If you're pregnant, you're probably hearing—and thinking—a lot about contractions. Get the inside scoop on what they really are.

By Lisa Milbrand, Mehmet Oz, M.D. and Michael Roizen, M.D.

No matter where you are in your pregnancy, you're probably thinking an awful lot about the end of it—labor, delivery, and that beautiful baby. And what's going to get you there? Contractions.

Because contractions generally signal that labor is starting, they can be viewed as a warning sign, a green light or a cue to ask, "Honey, the crib is set up, right?" But having contractions before you're due doesn't necessarily mean that Baby has requested an early checkout from Hotel Utero. Here's what you need to know about uterine contractions—whenever they occur.

What is a Contraction?

You may start to feel a tightening and hardening of your stomach throughout your pregnancy, as your body starts prepping for the work to come. "The uterus is exercising for the grand finale," says Paul du Treil, M.D., director of maternal and child health at Touro Infirmary in New Orleans. These first, disorganized twinges are a precursor of the real deal.

Consider contractions your body's way of helping nudge your baby out into the world. "The uterus surrounds the baby, and when the uterine muscles contract, that helps labor progress," says Bart Putterman, M.D., an ob-gyn at Texas Children's Pavilion for Women in Houston. The uterine contractions are what get your baby into position for birth, and help him progress through the birth canal.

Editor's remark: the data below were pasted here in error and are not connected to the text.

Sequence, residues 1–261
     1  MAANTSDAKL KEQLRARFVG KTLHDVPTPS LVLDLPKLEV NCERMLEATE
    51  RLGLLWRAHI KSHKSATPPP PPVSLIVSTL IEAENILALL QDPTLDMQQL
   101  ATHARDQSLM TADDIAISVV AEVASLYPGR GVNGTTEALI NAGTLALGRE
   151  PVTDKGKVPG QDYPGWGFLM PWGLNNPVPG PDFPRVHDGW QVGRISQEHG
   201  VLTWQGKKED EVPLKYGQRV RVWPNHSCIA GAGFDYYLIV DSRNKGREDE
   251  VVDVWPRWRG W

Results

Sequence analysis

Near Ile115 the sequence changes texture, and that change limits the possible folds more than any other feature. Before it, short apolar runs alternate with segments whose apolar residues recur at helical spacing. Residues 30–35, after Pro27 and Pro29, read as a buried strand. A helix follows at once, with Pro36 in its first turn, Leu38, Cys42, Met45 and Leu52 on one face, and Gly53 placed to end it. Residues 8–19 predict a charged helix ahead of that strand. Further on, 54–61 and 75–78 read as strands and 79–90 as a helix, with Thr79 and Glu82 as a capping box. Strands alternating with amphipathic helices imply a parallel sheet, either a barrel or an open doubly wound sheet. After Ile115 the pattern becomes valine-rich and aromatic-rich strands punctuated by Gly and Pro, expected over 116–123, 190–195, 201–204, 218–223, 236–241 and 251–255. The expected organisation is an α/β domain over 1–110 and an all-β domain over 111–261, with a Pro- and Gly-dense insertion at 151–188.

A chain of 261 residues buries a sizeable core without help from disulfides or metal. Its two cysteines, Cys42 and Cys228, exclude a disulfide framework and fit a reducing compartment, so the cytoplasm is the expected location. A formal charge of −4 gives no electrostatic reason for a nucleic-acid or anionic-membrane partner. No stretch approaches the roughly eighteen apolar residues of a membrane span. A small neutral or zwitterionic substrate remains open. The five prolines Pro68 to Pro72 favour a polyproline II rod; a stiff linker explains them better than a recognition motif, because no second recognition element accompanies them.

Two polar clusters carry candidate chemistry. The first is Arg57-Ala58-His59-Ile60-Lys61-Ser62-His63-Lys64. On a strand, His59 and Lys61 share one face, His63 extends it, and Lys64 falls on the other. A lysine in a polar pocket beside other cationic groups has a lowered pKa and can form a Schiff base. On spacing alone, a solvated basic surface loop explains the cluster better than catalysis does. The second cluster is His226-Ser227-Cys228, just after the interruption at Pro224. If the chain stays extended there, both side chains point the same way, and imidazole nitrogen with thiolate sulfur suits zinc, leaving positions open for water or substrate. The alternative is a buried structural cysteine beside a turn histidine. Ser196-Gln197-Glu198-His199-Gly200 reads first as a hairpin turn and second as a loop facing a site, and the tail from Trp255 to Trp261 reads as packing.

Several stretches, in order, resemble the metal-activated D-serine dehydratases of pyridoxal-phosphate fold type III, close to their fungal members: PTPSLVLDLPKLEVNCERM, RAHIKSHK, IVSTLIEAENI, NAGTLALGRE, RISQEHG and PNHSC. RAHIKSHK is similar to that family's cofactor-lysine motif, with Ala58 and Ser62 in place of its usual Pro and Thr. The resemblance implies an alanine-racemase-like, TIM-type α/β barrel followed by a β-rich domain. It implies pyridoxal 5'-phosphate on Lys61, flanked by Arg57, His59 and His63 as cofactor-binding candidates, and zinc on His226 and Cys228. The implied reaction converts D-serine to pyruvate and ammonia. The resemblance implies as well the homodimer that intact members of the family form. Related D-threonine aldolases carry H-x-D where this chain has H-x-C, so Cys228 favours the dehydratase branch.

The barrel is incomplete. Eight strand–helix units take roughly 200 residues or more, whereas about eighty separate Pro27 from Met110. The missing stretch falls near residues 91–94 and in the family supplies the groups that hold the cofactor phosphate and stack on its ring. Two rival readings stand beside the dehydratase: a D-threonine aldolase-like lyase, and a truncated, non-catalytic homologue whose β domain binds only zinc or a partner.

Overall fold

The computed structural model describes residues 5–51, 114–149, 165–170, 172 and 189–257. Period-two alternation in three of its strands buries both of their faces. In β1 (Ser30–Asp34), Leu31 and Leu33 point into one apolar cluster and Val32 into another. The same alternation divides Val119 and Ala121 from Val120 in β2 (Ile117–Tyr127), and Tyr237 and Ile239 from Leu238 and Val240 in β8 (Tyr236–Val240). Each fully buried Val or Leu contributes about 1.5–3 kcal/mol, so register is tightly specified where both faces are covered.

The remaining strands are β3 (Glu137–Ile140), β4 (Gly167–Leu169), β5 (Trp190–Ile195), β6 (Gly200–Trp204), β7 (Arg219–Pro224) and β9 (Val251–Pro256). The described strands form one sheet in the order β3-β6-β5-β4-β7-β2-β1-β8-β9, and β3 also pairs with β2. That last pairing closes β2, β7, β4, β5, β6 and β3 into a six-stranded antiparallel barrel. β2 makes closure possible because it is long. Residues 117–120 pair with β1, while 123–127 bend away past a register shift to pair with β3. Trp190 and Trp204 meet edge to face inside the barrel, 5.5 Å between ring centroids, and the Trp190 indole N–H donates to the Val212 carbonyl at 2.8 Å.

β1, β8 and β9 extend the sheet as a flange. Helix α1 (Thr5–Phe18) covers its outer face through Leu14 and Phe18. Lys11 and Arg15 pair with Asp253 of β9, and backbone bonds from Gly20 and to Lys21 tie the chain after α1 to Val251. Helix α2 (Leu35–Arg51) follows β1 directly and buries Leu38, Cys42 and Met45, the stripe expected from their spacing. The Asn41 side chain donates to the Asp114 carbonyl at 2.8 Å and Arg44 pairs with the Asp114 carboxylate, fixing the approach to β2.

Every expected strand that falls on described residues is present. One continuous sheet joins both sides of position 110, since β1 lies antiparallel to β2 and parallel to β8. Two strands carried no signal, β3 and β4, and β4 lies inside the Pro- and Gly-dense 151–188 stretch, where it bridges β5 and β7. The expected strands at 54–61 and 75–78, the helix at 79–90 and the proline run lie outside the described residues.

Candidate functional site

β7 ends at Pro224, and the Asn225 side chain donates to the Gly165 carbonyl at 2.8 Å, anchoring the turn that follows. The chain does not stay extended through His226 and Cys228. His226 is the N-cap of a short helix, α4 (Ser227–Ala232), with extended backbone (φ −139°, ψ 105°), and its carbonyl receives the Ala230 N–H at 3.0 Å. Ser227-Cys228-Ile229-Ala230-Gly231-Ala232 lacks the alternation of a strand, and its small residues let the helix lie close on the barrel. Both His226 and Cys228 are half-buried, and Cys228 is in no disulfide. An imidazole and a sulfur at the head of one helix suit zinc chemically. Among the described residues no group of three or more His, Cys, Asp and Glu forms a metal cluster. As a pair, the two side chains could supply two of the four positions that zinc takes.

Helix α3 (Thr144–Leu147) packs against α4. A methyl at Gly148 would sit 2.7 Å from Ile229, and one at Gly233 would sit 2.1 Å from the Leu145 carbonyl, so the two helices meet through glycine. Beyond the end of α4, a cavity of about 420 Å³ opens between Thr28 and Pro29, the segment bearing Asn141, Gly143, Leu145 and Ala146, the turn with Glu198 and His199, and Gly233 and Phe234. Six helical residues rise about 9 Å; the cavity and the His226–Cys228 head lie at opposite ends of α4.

True labor contractions, which might start out as an occasional, uncomfortable tightening and hardening of your stomach, will slowly build to something more—like really bad menstrual cramps or gas pains. As labor progresses, these contractions will help get your baby into position and will become stronger, more intense, and closer together.

Different Types of Contractions and What They Mean

Early contractions

You can experience contractions even in the first trimester as your body adjusts to the pregnancy. The stretching of the ligaments around the uterus can cause contractions, and so can dehydration, constipation and gas pains. If they're accompanied by spotting, bleeding and/or abdominal pain, you need to see a doc to rule out an ectopic pregnancy or a potential miscarriage.

The easiest way to know if you're having true labor contractions is by doing a simple self-test. Lie down and place a hand on your uterus. If your entire uterus is hard during the cramping, it's probably a contraction. If it's hard in one place and soft in others, those are likely not contractions—it may just be the baby moving around.

Preterm contractions

Many contractions that occur after week 34 are random and irregular; these are known as Braxton-Hicks contractions. If contractions come regularly (every 10 minutes or less) rather than intermittently, you may be in preterm labor. Report any contractions to your doctor or midwife so she can determine what's happening.

If you're not having regular contractions signaling preterm labor, try calming the cramps by drinking plenty of water, taking a warm bath, emptying your bladder, and breathing rhythmically.

Sex contractions

If you have a normal, uncomplicated pregnancy, orgasms—with or without intercourse—don't increase the risk of premature labor. Likewise, sex during pregnancy isn't likely to trigger labor even as your due date approaches, but you may experience Braxton-Hicks contractions or even light spotting afterward. These should subside in a couple of hours. If they are accompanied by any troubling symptoms (like bleeding, pain, vaginal discharge, or a decrease in fetal movements), contact your doctor or midwife.